The cam switch 52 further acts via a NOR element 68 and an AND gate 69 upon safety stage 9. The second input of AND gate 69 is connected to the torque switch 53. Thus, safety stage 9 responds when cam switch 52 is open and torque switch 53 closes at the same time.
The second safety channel 3 comprises essentially a peripheral adapter 54, program memories (PROM) 34, 58, a control circuit 59, a microprocessor 61 and a working memory (RAM) 60, all of which are interconnected by control lines 55, an address bus 56 and a data bus 57. In addition, a starting circuit 62 and an address decoder 14 belong thereto. The inputs to the peripheral adapter 54 are connected to the contacts of keys 16, 17 of the cam switches 51, 52, and of the torque switch 53 while the outputs act directly upon safety stage 9 or via transistor 48 which serves as amplifier 8. A comparator G, placed between the outputs of safety channel 2 and safety channel 3, tests the signals for uniformity and synchronism and transmits the result to safety stage 9.
The transistors 47 and 48 switch the circuit for the windings 33A and 33B of the press safety valve 33 which is led via contacts 13A and 13B of relay 13. These contacts open when the relay 13 drops out because of a malfunction signal from safety stage 9. Such a malfunction signal may be the result of signal comparison of comparator 6 or of signals of the monitoring facilities of the two safety channels.
The self-check of the first safety channel 2 takes place during the cyclic pauses between individual strokes. For this purpose, the oscillator furnishes via differential units 100, 101 narrow spikes of predetermined frequency via a control unit 40 to the first safety channel 2. If safety channel 2 is operational, it transmits a predetermined pulse frequency to converter 42. By using narrow spikes, and suitable circuitry design, one insures that the test frequency does not trigger any control function. With absent or deviating frequency, on the other hand, the safety stage responds and prevents further operation of the press.
The monitoring of the second safety channel 3 is carried out by means of a safety program which is contained in a program memory 34 or 58. Microprocessor 61 either is in the safety cycle or carries out additional tasks, not relevant to safety, after which it returns immediately into the safety cycle. The monitoring program is active at such time. The sum of the values resulting from the programs of the respective program memories 34 and 58 and of additional characteristic values is continuously computed and compared to a nominal reference value which may be generated e.g. by galvanic bridges. If the result is faulty or absent, safety stage 9 is triggered.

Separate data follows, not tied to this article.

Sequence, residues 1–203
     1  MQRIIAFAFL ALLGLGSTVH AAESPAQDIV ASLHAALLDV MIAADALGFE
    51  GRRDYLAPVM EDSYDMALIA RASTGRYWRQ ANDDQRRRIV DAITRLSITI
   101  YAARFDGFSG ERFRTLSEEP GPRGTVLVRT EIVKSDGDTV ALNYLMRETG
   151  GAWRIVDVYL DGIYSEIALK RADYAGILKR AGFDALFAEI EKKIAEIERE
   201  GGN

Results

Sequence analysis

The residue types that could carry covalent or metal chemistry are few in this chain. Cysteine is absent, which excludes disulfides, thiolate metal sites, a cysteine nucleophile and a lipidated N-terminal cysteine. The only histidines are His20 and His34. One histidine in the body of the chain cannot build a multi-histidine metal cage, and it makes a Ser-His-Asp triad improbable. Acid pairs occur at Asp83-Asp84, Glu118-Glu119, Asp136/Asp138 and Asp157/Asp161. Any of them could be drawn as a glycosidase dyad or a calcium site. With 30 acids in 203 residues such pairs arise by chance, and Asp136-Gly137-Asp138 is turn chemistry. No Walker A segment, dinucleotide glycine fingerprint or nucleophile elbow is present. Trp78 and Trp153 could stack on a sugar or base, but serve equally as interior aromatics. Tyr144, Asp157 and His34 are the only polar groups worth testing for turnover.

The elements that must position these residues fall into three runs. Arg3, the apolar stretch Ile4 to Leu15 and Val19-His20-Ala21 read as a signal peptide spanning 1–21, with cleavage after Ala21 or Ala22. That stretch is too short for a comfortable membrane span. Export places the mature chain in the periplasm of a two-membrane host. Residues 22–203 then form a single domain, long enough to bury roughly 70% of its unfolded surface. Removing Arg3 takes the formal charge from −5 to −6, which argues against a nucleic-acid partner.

When the controller emits a signal to the peripheral adapter 54, the computer is immediately made available to the microprocessor 61 for control purposes by means of an interrupt command. It processes the control commands according to its control program until the end of the stroke is signaled by the cam switch 51 and the torque switch 53 and the monitoring program is reactivated. If the computer does not return to the safety cycle, safety stage 9 is also triggered and the device falls back into the safe state.
Faults may arise in the valve windings 33A, 33B which cannot be evaluated easily or with certainty. This is for example the case where the valve windings are short-circuited, since they already are very low-ohmic. In case of such a malfunction, fuses 49, 50 provided in the energizing circuits will open when energization occurs. Thereafter, safety stage 9 is triggered which correlates the various fault indications and, when activated, causes relay 13 to open.
The safety-relevant portion of safety stage 9 is designed in fail-safe technology. Relay 13 has positively actuated contacts so that it can be securely monitored. Safety stage 9 and relay 13 are monitored cyclically in that after every stroke shutoff a functional test is initiated which also entails a cutoff of the relay. In this test, an automatic reconnection can only occur when the safety stage 9 has not been disturbed, the torque switch 53 indicates sufficient braking tongue, there are no error indications from safety channels 2, 3 or amplifiers 7, 8, and relay 13, via a contact 13C which acts as a test contact, has verified a definite release of relay 13. After a disconnection due to malfunction, an automatic reconnection will be prevented even when the malfunction has ceased to exist.